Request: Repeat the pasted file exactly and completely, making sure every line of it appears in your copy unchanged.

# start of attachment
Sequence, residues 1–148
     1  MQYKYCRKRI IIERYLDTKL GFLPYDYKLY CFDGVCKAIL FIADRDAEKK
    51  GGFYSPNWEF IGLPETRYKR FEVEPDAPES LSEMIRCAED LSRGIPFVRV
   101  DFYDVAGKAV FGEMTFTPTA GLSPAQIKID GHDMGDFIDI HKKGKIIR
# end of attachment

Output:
Sequence, residues 1–148
     1  MQYKYCRKRI IIERYLDTKL GFLPYDYKLY CFDGVCKAIL FIADRDAEKK
    51  GGFYSPNWEF IGLPETRYKR FEVEPDAPES LSEMIRCAED LSRGIPFVRV
   101  DFYDVAGKAV FGEMTFTPTA GLSPAQIKID GHDMGDFIDI HKKGKIIR